After the siege ended, they could choose to rebuild the church but people had no homes to return to, so who would come? The idea of rebuilding forty homes of church members was born; partners, like The Outreach Foundation, came aboard and this was accomplished. Elder Najwa’s was the first house renovated and she was the first to return.

Come and see, go and tell

Fadia, a professor, also tells of February 12. With bullets flying over her head she left to join the diaspora in the Christian Valley near Mashta Helou. Her conscience would not allow her to resign her position, so every day she commuted back to the university in Homs on very dangerous roads. It took two years to fix her home so she could return. Fadia leads the ministry with young adults: “We could not leave the young people. We needed to stand with them and show them that hope comes only from Jesus.”

Come and see, go and tell

Elder Abdelmessiah (“Slave of God”) and his wife Abeer, a doctor, were the last ones on their street to leave in May 2012. They also left under difficult circumstances. Living in exile from Homs, it was hard to bear the title of displaced person. “How do we retain our roots? Jesus was our encouragement. Through all of this, we learned that we must help others.”

Come and see, go and tell

In the midst of crisis, relationships among people were broken as radicals worked to divide Syrians one from another. Homs Church began a program called Space for Hope, supported by The Outreach Foundation, bringing together young Christians, Muslims, and Alawites to begin the hard work of reconciliation while horrors were still being committed. They built strength in relationships through meeting together, through games and sports, listening to one another and seeing the good in each other.

Come and see, go and tell

There are broken places and broken people in this place, and yet the faithful gather together to praise the One who was broken for us all. Those who doubt or do not know that the Body of Christ is still present in Syria: do not listen only to the nightly news for that is not where the gospel, the Good News is to be discovered. Here it is grounded. Here it is found.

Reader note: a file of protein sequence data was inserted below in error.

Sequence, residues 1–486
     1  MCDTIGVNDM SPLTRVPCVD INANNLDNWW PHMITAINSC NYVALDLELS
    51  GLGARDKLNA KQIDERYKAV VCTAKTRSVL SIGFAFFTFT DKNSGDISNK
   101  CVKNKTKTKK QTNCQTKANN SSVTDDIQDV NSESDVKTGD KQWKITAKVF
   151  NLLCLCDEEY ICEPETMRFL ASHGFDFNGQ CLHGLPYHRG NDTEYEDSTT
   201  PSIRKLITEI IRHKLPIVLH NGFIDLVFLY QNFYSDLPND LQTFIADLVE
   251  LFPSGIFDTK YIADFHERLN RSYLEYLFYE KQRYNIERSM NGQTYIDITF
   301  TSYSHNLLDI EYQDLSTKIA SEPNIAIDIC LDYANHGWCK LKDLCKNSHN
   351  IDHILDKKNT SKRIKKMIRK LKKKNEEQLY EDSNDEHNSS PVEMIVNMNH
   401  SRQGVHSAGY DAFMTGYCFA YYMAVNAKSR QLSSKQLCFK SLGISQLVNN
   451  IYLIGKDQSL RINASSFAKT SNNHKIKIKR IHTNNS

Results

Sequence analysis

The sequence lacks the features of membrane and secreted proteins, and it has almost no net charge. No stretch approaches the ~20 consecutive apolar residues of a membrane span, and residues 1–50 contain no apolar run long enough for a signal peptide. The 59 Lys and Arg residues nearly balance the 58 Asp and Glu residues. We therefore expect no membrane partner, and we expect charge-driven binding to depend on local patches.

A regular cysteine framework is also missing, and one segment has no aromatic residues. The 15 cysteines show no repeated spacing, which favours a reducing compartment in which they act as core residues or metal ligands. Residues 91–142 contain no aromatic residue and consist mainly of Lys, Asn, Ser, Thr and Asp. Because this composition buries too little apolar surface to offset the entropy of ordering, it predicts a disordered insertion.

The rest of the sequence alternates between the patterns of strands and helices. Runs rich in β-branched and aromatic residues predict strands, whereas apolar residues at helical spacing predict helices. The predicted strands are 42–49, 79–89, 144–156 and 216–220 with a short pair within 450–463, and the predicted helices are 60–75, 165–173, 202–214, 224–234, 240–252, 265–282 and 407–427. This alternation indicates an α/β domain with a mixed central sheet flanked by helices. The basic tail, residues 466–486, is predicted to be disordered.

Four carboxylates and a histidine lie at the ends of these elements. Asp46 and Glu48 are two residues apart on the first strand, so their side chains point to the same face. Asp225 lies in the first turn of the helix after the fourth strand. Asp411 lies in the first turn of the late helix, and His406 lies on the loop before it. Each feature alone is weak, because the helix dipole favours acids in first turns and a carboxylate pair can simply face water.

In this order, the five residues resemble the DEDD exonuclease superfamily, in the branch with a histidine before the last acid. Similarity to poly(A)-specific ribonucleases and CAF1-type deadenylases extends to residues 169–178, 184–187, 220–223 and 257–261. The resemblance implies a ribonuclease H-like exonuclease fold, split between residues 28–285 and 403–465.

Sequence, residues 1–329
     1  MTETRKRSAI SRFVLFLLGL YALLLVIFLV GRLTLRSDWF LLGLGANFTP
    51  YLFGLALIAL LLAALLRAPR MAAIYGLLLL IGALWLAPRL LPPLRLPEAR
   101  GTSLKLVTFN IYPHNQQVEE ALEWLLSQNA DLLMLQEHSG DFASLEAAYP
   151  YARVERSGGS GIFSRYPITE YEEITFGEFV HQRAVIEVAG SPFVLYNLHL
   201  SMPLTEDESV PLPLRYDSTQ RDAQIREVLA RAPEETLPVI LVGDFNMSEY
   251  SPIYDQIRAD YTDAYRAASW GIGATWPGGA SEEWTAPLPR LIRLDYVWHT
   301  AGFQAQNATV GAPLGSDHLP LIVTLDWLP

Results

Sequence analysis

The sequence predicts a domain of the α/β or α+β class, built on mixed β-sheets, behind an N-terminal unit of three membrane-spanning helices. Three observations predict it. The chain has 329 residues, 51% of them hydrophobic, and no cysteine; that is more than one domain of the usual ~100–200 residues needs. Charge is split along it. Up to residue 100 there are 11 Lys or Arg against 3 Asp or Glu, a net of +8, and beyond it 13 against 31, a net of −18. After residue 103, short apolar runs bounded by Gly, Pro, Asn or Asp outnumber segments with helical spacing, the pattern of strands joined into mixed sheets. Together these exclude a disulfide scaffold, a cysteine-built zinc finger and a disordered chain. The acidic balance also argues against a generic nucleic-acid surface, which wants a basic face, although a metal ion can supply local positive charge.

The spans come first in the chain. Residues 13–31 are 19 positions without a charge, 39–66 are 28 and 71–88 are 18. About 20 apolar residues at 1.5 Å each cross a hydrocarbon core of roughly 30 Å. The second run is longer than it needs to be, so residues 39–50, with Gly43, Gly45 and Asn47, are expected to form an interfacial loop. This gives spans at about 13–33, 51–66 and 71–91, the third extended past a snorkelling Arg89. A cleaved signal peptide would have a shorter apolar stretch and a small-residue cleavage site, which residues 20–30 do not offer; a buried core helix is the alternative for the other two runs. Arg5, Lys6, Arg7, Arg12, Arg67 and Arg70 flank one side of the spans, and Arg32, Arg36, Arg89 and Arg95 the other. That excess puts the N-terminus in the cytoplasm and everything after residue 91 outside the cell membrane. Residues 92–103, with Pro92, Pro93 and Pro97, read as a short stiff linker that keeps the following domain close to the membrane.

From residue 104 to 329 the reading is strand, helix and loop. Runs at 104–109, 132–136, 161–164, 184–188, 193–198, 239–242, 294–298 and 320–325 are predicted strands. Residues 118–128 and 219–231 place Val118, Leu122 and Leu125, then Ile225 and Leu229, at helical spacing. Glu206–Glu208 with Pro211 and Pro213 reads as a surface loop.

Grace and peace,
Julie and Steve Burgess, West Hills Church, Omaha, Nebraska

From Rev Joseph Kassab, General Secretary of the National Evangelical Synod and Lebanon:

The Syrian people’s daily lives carry hourly struggles that take the form of shortages of milk, electricity, water, medication, medical services, car fuel, cooking gas and other necessities which they lack due to the difficulty of the situation. Despite all, the people remain resilient as they face their hardships with patience and scarcity. In the light of the above, we acknowledge that Syrian Christians are left with churches as their only source of hope and help in order to meet their basic needs and retain their human dignity as they remain in their country. It is worth noting that many of the Syrian people look enviously at their fellow citizens and relatives who succeeded in departing Syria to a neighboring country or the West without weighing the dangers of the transition. Our goal today is to keep the Syrian people in their country and around their churches while meeting their basic human needs.

The Outreach Foundation gives thanks to God that you continue on this journey with us alongside the faithful, witnessing Church in Syria, especially now that peace is being restored. Make a gift HERE or by sending a check to our office.